I don't think I'm over-ambitious. I spoke to Queen's Brian May once. Before that, I had sent him a demo song and asked him if he found it too pretentious, too pompous? He just said: 'There's no such thing as "too pompous" in rock'. I mean, he plays for Queen (laughs). But the same goes for ambition. In my opinion, you can't be too ambitious. I also firmly believe in that you can achieve something if you can imagine it. You just have to approach it with drive, confidence and passion and pursue the goal. You definitely have to try, even if you may not know how. Just do it The rest then often happens. Being very ambitious isn't bad because it pushes you.
You have long been playing in the superstar league, but you also seem to have remained a fan yourself. You call June 7th, 2008 the "greatest day of your life"
At that time, my greatest youth heroes came on stage to jam with us: Jimmy Page and John Paul Jones from Led Zeppelin at a sold out Wembley Stadium in London ! In front of over 80,000 fans! We played their classics "Rock'n'Roll" - and "Ramble On", where I sat on the drums and had our drummer Taylor Hawkins sing. I really thought I was dreaming.
How did this insane action come about?
I had Jimmy Page's number and I called him and hesitantly told him about our show in London. where he generally lives. Jimmv just asked. what I exactly plan. I was really hesitant to come up with my idea. After a little pause I said: How about "Rock'n'Roll"? And he said very coolly: Ok, what else? I thought I was in a movie. How about "Ramble On"? I said. And he just said: I'll see you at the sound check. I could hardly believe it. When I sat behind my drum kit at the gig, with a magnificent view of the stadium area and two of the greatest living legends of rock on stage right in front of me - I really thought I was in a dream, in a Led Zeppelin film.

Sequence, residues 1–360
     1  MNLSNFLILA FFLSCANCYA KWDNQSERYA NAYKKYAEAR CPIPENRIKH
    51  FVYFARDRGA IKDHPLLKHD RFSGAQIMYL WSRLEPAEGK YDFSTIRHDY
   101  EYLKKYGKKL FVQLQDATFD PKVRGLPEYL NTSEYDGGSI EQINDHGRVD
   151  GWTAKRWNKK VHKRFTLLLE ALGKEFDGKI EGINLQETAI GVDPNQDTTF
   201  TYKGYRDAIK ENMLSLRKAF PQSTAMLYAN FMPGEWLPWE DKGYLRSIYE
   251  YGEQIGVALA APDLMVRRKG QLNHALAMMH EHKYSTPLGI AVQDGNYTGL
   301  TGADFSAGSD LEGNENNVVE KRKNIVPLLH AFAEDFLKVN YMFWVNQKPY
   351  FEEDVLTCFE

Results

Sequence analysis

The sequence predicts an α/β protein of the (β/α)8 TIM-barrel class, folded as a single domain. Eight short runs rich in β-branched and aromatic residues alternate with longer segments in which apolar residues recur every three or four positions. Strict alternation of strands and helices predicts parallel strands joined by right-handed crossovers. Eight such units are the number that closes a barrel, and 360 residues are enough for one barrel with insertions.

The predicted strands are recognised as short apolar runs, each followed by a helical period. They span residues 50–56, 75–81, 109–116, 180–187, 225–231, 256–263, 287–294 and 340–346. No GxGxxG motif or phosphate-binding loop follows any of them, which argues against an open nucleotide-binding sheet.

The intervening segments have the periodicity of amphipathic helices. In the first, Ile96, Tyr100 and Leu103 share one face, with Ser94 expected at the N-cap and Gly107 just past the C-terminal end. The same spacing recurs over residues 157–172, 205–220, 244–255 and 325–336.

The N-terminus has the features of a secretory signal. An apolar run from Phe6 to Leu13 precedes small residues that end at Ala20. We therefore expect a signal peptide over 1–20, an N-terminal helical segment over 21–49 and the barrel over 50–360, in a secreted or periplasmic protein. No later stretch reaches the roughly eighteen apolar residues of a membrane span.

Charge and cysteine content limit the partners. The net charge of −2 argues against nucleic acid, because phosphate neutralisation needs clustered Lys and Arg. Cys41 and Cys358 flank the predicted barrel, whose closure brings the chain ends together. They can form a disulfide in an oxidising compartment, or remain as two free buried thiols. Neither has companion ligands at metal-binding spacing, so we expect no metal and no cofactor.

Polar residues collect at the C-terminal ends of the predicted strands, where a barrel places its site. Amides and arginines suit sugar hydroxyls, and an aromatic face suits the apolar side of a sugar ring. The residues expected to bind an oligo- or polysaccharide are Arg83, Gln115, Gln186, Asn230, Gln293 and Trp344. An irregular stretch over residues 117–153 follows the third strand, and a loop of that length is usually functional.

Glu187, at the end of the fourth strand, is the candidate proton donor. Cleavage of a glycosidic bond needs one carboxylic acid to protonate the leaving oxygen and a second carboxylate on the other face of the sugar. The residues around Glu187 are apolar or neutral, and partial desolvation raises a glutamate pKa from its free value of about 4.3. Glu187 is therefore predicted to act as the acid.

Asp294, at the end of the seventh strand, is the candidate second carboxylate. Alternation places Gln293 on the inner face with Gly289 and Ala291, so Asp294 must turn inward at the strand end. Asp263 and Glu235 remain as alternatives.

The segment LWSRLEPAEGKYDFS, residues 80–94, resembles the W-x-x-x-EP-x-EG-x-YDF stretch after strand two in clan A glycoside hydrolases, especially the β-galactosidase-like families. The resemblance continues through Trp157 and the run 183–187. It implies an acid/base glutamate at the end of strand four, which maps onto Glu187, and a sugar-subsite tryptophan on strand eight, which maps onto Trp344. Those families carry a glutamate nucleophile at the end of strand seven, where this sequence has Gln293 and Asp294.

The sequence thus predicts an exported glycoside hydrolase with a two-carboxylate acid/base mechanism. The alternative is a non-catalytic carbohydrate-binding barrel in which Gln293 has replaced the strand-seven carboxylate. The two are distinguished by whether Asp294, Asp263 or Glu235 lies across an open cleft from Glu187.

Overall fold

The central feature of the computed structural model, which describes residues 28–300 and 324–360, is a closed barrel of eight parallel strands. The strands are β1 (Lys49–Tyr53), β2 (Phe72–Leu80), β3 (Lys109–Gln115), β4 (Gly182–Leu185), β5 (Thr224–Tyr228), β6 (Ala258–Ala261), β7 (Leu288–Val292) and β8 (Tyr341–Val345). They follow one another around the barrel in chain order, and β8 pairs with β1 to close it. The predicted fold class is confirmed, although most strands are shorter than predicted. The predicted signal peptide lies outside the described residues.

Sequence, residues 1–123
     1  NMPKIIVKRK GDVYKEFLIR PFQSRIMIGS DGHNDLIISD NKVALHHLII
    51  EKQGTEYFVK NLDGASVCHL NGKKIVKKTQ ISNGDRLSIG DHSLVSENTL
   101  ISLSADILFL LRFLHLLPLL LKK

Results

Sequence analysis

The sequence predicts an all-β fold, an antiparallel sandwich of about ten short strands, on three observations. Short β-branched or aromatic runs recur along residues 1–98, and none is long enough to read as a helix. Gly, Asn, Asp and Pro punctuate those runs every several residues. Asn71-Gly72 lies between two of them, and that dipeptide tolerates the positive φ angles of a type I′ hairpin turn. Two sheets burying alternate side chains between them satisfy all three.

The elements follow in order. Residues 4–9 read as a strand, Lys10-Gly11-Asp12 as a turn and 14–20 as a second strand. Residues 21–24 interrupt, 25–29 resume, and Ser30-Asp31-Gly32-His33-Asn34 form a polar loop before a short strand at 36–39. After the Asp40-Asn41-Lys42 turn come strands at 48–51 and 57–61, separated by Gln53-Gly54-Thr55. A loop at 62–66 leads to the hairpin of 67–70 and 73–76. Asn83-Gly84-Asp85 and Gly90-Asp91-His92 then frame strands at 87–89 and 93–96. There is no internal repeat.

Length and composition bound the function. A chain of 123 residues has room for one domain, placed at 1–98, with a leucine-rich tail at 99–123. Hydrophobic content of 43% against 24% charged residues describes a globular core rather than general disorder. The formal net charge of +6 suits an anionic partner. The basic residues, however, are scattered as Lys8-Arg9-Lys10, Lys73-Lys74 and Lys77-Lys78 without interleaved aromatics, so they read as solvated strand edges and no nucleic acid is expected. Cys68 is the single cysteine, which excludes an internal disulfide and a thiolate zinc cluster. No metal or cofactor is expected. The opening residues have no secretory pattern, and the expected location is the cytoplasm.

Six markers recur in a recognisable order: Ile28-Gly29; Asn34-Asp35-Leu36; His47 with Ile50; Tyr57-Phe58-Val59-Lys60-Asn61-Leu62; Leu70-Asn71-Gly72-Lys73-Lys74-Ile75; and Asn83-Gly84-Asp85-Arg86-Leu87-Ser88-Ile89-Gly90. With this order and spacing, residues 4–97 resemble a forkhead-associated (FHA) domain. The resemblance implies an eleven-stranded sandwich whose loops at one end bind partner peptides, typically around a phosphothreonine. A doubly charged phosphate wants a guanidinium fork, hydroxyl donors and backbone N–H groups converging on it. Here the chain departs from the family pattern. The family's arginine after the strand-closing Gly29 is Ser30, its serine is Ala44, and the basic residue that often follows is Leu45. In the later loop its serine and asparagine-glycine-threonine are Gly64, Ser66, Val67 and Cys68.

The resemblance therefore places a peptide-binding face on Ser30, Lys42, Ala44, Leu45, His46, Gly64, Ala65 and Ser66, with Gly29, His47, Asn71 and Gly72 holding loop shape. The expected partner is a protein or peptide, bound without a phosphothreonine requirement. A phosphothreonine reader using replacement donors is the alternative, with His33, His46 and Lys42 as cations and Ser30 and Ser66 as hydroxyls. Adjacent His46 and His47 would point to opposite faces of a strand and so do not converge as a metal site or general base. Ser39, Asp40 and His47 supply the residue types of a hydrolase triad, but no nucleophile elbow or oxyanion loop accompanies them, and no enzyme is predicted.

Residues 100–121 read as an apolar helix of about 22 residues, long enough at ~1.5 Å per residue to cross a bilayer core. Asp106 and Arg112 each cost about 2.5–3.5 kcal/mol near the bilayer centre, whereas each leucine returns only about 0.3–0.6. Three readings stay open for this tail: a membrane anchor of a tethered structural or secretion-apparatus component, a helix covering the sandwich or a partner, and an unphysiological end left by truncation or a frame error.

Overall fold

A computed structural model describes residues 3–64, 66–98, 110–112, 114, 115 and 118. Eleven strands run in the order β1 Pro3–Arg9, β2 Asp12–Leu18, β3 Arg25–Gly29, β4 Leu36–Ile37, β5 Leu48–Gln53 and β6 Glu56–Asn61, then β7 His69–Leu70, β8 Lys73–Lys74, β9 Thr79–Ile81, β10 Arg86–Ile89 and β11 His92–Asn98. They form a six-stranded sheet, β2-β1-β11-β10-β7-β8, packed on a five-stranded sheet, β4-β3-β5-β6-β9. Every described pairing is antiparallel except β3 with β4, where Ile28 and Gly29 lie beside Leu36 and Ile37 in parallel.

With Nirvana you made history in the early 90s, grunge changed the music world colossally. The very last Nirvana concert took place in Munich on March 1, 1994. What do you remember?
The tour did not go well. We were drained. And Kurt had health problems, including his voice. He fought his way from gig to gig. It was tedious. We now had superstar status, which we never really wanted. I remember that we opened the concert in Munich with a cover version, "My Girl's Best Friend" by The Cars, and the last encore was "Heart Shaped Box". Nobody would have guessed at the time that Kurt would soon no longer be with us.
This year your NEVERMIND album will be 30 years old. Do you and Krist Novoselic have something planned?
No, I don't know anything at the moment - yet. But that doesn't mean anything. I am still in regular contact with Krist. I have to call him sometime.
Back to the Foo Fighters: In contrast to other rock greats like AC / DC or Metallica, your fans seem to respect and accept all of your sound experiments!
That's the way it is. Our fans are very open. For me, music is like a garden: you have to look after it and look after it, and you are often surprised at what is sprouting there. We also have Americana influences in our music and can even play something extreme in the direction of Death Metal. We are really, really grateful that the fans give us this freedom!

Words: Alex Gemandt